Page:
This month, I visited Lisa Johnson’s creative writing class at the Howard County Public School System’s G/T Summer Institutes. Certainly the fourth and fifth graders in a class called “Creative Writing: Ignite the Creative Spark” must like to write or they wouldn’t have been in the class. Still, many of them were unsure about writing poetry. Distaste for poetry often sets in by fifth grade, as evidenced by one student who wrote me this note: “At first, I thought you were going to be BORING!”

TowerAs this was a group of strong writers, I brought a favorite lesson: portrait poems. To begin the workshop, we looked at a photograph of a man holding a baby. Our discussion focused on the facts of the picture. For example, we noted that “The man is wearing a baseball cap”. Once we exhausted the facts of the photograph, we let our imaginations take over. The class told stories about the man and the baby. Were the two of them related? Had the man rescued the baby from an accident? Was this a family reunion?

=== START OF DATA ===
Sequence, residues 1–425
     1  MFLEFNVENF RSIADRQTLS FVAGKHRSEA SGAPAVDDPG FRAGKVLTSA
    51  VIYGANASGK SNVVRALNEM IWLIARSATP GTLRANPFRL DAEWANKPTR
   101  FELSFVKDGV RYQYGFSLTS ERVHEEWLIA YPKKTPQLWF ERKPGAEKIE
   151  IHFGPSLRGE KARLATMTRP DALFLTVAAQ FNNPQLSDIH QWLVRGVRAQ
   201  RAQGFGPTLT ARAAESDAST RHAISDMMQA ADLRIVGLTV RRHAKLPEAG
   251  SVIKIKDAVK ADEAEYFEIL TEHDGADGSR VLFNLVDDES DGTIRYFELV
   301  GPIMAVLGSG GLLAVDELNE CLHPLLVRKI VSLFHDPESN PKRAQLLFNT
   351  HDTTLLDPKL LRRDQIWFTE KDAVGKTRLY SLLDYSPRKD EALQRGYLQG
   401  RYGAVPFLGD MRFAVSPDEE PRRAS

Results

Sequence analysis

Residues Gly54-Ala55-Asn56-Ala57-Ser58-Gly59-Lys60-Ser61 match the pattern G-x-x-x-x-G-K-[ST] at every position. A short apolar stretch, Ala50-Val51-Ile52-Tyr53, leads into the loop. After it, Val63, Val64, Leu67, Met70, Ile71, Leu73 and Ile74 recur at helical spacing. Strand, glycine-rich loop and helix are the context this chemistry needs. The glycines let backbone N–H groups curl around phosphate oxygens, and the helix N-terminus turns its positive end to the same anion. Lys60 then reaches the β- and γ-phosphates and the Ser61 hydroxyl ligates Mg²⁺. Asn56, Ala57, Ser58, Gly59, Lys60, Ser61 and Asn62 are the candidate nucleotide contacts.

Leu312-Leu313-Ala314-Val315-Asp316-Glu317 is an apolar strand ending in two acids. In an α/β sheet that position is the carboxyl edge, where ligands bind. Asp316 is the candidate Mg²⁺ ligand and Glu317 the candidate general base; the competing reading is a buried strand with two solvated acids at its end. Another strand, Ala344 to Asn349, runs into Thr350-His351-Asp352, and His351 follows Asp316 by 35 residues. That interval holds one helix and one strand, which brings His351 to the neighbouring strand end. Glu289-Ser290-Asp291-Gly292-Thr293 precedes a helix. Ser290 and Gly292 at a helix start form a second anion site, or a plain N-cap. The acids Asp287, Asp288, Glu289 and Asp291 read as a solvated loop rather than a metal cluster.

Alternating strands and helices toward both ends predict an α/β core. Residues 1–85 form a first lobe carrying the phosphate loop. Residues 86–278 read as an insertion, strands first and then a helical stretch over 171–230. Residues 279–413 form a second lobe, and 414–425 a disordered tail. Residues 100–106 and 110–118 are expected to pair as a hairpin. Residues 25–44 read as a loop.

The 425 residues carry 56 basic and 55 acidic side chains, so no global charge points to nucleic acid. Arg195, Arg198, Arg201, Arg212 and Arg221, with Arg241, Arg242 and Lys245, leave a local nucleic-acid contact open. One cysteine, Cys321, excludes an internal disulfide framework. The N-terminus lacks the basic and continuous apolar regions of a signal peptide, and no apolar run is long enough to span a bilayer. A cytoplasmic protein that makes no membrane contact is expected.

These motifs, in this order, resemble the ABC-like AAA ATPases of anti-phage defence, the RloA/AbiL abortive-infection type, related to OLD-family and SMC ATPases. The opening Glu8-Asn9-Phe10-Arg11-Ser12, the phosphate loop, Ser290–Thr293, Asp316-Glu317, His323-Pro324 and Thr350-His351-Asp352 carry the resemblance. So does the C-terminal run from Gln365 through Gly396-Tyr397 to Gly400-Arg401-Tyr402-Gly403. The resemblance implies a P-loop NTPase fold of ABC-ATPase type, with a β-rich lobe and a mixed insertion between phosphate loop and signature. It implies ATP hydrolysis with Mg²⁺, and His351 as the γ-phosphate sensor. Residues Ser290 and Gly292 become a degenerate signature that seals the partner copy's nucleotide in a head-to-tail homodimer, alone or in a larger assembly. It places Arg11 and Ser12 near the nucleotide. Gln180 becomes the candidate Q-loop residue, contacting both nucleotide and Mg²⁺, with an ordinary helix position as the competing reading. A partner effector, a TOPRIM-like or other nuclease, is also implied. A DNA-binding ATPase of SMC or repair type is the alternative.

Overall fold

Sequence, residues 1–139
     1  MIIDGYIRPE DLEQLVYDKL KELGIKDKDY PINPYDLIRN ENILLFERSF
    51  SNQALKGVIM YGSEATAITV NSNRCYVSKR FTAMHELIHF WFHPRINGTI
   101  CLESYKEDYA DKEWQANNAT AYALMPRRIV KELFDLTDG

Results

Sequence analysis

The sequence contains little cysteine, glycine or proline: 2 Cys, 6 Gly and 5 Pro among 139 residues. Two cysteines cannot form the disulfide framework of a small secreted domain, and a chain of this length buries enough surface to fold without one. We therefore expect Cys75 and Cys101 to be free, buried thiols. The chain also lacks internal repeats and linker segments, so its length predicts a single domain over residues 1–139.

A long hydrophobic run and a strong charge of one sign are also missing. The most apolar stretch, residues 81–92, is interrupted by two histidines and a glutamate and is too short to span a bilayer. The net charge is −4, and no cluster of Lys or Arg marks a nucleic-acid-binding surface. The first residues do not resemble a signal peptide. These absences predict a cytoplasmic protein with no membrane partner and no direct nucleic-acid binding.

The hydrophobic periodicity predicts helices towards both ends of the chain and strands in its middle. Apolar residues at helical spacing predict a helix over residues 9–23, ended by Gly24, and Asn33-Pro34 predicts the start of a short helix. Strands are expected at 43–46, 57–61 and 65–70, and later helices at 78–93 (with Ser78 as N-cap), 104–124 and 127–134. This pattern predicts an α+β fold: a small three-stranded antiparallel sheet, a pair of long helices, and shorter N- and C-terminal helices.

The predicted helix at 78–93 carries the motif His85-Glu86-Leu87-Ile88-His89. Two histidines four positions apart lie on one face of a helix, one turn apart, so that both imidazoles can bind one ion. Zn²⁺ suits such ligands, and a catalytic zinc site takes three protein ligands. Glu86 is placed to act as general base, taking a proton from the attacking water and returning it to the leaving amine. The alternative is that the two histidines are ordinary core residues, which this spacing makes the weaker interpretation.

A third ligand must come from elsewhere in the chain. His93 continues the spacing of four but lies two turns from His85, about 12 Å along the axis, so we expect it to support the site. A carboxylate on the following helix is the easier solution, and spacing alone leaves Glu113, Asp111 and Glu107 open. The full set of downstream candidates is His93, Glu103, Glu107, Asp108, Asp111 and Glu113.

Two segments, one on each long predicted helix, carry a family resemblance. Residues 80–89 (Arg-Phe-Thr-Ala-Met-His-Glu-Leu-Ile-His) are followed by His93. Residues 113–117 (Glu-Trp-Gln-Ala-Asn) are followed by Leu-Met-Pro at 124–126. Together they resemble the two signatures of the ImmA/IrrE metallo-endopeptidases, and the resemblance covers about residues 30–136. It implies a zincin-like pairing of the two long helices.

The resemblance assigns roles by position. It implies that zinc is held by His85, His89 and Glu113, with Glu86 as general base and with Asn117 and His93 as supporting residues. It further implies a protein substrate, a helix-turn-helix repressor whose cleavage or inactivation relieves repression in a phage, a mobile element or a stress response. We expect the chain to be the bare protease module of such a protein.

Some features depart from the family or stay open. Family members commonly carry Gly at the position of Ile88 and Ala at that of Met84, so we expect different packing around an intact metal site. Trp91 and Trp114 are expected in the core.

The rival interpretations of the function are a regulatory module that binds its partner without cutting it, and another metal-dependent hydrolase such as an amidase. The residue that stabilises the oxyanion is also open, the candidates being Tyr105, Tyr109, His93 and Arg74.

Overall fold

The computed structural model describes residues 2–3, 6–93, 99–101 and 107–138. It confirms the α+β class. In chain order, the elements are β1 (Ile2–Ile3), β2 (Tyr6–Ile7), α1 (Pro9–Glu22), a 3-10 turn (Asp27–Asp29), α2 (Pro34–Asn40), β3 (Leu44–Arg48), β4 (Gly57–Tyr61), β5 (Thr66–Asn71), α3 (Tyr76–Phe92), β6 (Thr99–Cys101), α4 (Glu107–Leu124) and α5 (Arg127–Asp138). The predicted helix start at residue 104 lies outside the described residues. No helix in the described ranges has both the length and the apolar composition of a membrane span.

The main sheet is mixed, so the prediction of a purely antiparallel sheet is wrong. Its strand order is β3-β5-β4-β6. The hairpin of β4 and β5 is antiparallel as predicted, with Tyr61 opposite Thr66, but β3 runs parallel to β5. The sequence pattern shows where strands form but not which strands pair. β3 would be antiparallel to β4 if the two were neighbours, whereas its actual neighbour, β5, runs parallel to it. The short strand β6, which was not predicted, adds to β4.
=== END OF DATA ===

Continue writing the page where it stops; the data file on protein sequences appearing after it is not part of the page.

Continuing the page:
Next, we read a poem called “Face Poem” written in response to the photograph in question. [The poem and the related photo can be found at The Poem Farm, the online home of children’s poet Amy Ludwig VanDerwater.] We compared the class’s imaginings to the details of the poem. How did “Face Poem” work as a portrait?

After seeing the example, the students were ready to begin the writing process. Ms. Johnson and I had clipped portraits out of newspapers and magazines ahead of time. The children each chose one image to write about. They sat with their writing notebooks and the photographs and created a T-chart. On one side: the facts of the portrait. On the other: Who is this person? What is she doing? What is he thinking? What happens next?